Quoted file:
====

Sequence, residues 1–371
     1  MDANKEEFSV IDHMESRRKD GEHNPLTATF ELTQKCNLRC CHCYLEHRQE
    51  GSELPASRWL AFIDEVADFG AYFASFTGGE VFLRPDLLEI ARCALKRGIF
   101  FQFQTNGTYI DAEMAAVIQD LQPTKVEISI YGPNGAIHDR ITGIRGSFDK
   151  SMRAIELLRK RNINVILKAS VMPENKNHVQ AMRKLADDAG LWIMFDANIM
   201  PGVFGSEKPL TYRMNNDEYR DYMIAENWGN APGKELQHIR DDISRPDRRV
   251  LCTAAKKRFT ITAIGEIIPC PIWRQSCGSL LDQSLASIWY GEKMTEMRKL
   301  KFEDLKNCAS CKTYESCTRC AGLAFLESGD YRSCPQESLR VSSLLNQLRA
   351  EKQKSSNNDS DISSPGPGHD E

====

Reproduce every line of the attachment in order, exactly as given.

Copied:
Sequence, residues 1–371
     1  MDANKEEFSV IDHMESRRKD GEHNPLTATF ELTQKCNLRC CHCYLEHRQE
    51  GSELPASRWL AFIDEVADFG AYFASFTGGE VFLRPDLLEI ARCALKRGIF
   101  FQFQTNGTYI DAEMAAVIQD LQPTKVEISI YGPNGAIHDR ITGIRGSFDK
   151  SMRAIELLRK RNINVILKAS VMPENKNHVQ AMRKLADDAG LWIMFDANIM
   201  PGVFGSEKPL TYRMNNDEYR DYMIAENWGN APGKELQHIR DDISRPDRRV
   251  LCTAAKKRFT ITAIGEIIPC PIWRQSCGSL LDQSLASIWY GEKMTEMRKL
   301  KFEDLKNCAS CKTYESCTRC AGLAFLESGD YRSCPQESLR VSSLLNQLRA
   351  EKQKSSNNDS DISSPGPGHD E